Many people today do not recognize the name Harry Emerson Fosdick.
He was an American pastor in the early twentieth century. His preaching ministry was influential, considered most influential in liberal circles for at least two decades. As the “most famed living Protestant preacher” of his day, there’s a lot to say about him and his ministry. As he made his way through the Modernist/Fundamentalist controversy of his time, he garnered much support and much criticism, as you can imagine.
Fosdick once said of Methodists, “You Methodists have always been a bunch of wise guys.” Considered to be “the Jesse James of the theological world,” perhaps his most known sermon is “Shall the Fundamentalists Win.”
While you may not be familiar with what made him so loved and despised, you’ve most likely had a connection with his faith. He also wrote hymns. The most well-known hymn is “God of Grace and God of Glory.”
As I read today’s scripture reading, the third verse of that hymn came to mind:
Cure thy children’s warring madness,
bend our pride to thy control;
shame our wanton, selfish gladness,
rich in things and poor in soul.
Fosdick wrote this hymn as he contemplated the completion of his church’s new building project. The church was building a multi-million dollar building, funded with Rockefeller money. “God of Grace and God of Glory” was the processional hymn for the church’s dedication service in 1931.
So, let’s consider how this might speak to our faith today.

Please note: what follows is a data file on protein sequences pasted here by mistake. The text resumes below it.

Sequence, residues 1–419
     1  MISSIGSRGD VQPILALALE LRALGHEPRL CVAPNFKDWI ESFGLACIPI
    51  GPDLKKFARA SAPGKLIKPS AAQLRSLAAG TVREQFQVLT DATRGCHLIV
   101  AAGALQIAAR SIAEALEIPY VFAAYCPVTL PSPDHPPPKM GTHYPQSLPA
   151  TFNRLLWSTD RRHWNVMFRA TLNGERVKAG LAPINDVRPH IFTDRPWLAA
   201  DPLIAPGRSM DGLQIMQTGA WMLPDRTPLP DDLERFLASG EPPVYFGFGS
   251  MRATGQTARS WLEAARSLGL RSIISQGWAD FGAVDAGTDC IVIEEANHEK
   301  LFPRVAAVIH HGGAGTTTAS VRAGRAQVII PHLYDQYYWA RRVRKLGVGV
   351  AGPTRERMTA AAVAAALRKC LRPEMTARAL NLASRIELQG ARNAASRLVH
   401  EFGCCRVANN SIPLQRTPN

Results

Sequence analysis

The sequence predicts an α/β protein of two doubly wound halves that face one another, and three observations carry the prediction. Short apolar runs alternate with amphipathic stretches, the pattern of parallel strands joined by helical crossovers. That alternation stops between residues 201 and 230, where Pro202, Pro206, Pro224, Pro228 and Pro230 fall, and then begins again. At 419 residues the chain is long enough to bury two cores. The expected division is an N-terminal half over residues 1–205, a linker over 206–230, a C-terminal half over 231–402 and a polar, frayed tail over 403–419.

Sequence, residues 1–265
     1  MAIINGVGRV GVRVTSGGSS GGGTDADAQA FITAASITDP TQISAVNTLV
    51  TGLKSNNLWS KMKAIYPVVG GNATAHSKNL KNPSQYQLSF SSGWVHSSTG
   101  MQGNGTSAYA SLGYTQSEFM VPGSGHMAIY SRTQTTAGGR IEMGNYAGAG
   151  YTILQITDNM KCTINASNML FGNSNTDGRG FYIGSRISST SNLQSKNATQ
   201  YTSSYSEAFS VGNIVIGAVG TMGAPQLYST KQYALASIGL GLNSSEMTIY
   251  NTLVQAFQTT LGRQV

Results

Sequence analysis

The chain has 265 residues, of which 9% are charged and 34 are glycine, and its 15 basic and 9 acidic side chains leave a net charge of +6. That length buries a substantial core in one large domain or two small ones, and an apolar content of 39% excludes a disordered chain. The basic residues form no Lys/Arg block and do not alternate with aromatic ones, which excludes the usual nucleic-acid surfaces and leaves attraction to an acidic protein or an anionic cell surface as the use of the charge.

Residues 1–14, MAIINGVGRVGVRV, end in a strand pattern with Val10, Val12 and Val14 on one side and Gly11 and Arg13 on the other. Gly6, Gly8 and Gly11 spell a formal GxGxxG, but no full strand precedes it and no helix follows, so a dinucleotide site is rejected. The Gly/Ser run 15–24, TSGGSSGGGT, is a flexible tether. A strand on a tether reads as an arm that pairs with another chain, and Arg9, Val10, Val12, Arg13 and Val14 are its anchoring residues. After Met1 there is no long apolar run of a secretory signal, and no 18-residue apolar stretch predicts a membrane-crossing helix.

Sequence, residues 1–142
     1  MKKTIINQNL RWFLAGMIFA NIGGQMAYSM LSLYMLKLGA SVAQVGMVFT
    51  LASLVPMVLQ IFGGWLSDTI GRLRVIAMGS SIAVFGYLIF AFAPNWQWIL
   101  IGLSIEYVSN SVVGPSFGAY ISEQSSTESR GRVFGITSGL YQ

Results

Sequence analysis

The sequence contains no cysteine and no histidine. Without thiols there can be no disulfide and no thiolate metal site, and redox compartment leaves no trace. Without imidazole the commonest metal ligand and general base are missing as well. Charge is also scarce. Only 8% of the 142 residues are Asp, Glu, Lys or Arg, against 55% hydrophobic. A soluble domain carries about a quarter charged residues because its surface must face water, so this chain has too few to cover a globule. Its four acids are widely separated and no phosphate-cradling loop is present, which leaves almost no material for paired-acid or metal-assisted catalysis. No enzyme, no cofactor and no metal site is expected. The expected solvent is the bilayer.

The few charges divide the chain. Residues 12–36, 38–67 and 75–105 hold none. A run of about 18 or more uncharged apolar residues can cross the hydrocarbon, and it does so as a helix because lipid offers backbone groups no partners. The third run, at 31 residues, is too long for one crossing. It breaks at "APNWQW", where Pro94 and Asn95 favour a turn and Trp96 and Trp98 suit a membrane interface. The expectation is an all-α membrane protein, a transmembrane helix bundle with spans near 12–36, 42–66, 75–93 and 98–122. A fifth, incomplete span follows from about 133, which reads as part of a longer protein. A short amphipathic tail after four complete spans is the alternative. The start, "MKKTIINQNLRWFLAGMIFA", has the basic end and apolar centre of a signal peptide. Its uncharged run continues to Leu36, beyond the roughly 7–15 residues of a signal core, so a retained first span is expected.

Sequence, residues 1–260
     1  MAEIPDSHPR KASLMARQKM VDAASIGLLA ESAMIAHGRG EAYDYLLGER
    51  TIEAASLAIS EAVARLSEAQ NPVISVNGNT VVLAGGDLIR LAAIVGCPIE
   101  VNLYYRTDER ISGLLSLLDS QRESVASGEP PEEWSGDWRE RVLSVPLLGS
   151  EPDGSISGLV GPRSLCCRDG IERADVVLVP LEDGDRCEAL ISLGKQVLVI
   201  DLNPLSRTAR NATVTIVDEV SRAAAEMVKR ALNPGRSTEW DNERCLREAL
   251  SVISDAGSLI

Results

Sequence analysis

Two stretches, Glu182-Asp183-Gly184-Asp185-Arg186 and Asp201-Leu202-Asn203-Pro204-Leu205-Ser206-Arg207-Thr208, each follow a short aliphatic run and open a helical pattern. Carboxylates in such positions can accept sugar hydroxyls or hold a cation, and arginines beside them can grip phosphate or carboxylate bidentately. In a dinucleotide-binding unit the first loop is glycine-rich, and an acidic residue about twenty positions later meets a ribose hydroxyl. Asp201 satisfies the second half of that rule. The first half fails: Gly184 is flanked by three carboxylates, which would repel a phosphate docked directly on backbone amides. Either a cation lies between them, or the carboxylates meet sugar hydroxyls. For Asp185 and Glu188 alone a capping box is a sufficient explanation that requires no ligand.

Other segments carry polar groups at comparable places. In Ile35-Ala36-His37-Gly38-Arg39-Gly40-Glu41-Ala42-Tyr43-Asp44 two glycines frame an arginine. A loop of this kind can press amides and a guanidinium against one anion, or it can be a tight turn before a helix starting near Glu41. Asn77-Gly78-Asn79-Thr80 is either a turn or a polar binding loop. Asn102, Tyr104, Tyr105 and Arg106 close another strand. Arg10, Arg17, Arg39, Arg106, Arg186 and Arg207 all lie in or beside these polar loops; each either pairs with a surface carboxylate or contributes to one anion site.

I imagine there was a lot of excitement for Fosdick’s congregation. But the preacher wanted to be the voice calling the church beyond exciting building projects. If the church was to be God’s church, they would need God’s power–see verse 1 of the hymn. The church would need God’s freedom and strength to accomplish God’s work.
And so the recurring theme of “God of Grace and God of Glory” is that God would:
Grant us wisdom
Grant us courage
God’s church will need both as we pursue God’s calling. The apostle Paul prayed something similar for the Ephesian Christians. He said, “I pray that the God of our Lord Jesus Christ, the Father of glory, may give you a spirit of wisdom and revelation as you come to know him.”
Whatever cultural moments arise for us, we need God’s wisdom to move forward in faithfulness. We must ensure we have not removed Christ as the head of God’s church. The danger is our quickness to affirm Christ’s superiority without examining whether we’re living what we say we believe.
So, we’re back to verse two of the hymn.
God’s wisdom shows us when we are warring with madness. If Christ is ruling our hearts, he’ll show us where and when we’re letting our pride take control of his ministry. And we’ll be able to look past the excitement of ministry pet projects and desires to see the true joy that comes from being the church appointed by God to fill all in all.